When a Recruiter Calls (Or Not)

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We've talked about how candidates should work with recruiters. Here are some pointers about catching their eye and navigating around pitfalls in the relationship.

Recruiters tend to approach people who are visible in their industry. Avenues to visibility include having your name listed in professional directories, attending industry conferences, and cultivating relationships with people you meet in the course of work.

Ron Blair, managing director at Century Group, an executive search and project placement firm based in El Segundo, Calif., suggests something even more basic: stay employed. "It's much harder for us to work with people that don't have a job," he says.

If you've been out of work for awhile, Blair advises taking on consulting projects. Beyond maintaining a degree of visibility, it will keep your skills fresh, show employers you haven't been sitting on your heels, and may even help you find a full-time job that you wouldn't have come across through a recruiter.

Take the Call

Even if you don't want to leave your present employer, you may still benefit from taking a recruiter's call. Recruiters can be good sources of information about conditions in your market. Plus, experts say, making connections with recruiters, like networking generally, is best done when you aren't seeking a new position. If you've already made a good impression, there's a better chance the recruiter will take your call if you need a new job somewhere down the line.

"Recruiters record what people say. We all keep a database," says Sandy Gross, managing partner at Pinetum Partners, a search firm in Greenwich, Conn. The message: Rejecting a recruiter's call outright can amount to burning a bridge.

To avoid misunderstandings, Gross says that first call should be used to establish some parameters. Before revealing anything about yourself, ask the recruiter who she might speak with about you. A recruiter working on contingency has an incentive to approach other employers besides the one they're calling about. Doing so without your knowledge can lead to big problems. "You always have to know where your stuff is going," says Gross, who once headed HR and recruiting within Amaranth Advisors, the multi-strategy hedge fund that was liquidated last autumn.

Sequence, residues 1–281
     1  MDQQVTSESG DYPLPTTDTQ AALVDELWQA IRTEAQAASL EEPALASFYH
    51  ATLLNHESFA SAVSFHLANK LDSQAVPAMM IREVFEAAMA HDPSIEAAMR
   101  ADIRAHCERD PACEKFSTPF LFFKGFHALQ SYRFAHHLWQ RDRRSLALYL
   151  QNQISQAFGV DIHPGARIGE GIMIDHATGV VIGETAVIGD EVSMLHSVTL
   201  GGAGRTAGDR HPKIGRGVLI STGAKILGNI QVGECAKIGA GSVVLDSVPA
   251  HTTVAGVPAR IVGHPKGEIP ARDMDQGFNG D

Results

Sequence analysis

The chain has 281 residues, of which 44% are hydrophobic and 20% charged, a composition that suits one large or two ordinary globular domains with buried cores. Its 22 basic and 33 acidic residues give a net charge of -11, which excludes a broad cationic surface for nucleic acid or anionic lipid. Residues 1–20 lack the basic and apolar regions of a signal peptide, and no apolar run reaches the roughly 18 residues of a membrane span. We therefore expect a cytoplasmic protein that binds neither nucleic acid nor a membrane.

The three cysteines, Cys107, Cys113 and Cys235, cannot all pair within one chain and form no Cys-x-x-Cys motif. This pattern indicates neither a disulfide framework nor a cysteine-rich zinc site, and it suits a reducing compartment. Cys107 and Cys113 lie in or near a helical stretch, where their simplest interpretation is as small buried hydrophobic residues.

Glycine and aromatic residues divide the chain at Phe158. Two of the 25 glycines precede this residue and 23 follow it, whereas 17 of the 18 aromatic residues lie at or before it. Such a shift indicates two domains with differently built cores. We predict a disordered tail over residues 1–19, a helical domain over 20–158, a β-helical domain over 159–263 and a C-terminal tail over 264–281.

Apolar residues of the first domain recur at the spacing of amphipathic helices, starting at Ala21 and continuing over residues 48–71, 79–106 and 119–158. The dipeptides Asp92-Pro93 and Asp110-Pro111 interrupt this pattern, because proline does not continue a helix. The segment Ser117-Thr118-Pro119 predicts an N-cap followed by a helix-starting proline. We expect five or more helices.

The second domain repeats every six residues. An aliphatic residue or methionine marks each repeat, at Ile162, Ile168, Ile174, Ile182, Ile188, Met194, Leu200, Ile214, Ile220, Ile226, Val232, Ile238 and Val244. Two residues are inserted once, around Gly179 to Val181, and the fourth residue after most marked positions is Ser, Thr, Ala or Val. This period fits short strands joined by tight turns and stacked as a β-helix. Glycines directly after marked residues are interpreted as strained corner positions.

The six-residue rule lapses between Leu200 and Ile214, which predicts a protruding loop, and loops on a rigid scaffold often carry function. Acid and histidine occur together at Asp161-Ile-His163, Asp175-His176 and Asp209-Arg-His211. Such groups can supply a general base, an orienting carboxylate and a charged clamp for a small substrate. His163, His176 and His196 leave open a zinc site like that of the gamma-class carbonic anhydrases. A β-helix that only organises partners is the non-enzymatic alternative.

If you're currently employed, you should understand your firm's attitude toward job-hunting while working there, says Benjamin Normann, vice president at the Weatherly Group, a New York executive search firm. Although some Wall Street employers routinely fire people they catch looking elsewhere, Normann says others actually view it in a positive light: "They want to see that aggressive business mind-set."

For investment banking analysts, who in most cases are expected to leave after completing a two- or three-year program, some employers will actually facilitate a move. Others, however, won't want to know about it.

The initial contact with a recruiter is also a good time to clarify what your role is, so you won't be called in the future about situations that lie outside your area of expertise.

Don't Be Disappointed

If you do end up pursuing an opening through a recruiter, but later decide you're not interested, don't continue interviewing for it. Normann says candidates sometimes will keep the process going just to get practice interviewing. If you don't pull out until very late in the game, you might damage the recruiter's relationship with the employer they're working for. More important, you'll destroy your standing with both.

On the opposite side of the coin, if a recruiter seems to lose interest in you, keep things in perspective. If they decide not to submit you for a position or tell you that the employer gave a thumbs-down, it doesn't mean you're unemployable. All it means is you're not a perfect fit for that particular slot.

"Recruiters are not career counselors," says Ron Blair. "They're there to help companies find people. They're not there to help people find jobs."

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